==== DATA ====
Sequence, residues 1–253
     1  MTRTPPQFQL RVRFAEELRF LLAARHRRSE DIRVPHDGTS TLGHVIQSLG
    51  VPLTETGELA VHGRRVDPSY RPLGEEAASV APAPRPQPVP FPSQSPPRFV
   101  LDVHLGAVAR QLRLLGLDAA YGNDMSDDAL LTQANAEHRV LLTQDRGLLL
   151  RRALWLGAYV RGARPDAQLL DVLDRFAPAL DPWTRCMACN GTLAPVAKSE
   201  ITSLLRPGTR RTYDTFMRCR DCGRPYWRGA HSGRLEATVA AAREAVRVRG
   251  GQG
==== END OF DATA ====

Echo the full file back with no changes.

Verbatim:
Sequence, residues 1–253
     1  MTRTPPQFQL RVRFAEELRF LLAARHRRSE DIRVPHDGTS TLGHVIQSLG
    51  VPLTETGELA VHGRRVDPSY RPLGEEAASV APAPRPQPVP FPSQSPPRFV
   101  LDVHLGAVAR QLRLLGLDAA YGNDMSDDAL LTQANAEHRV LLTQDRGLLL
   151  RRALWLGAYV RGARPDAQLL DVLDRFAPAL DPWTRCMACN GTLAPVAKSE
   201  ITSLLRPGTR RTYDTFMRCR DCGRPYWRGA HSGRLEATVA AAREAVRVRG
   251  GQG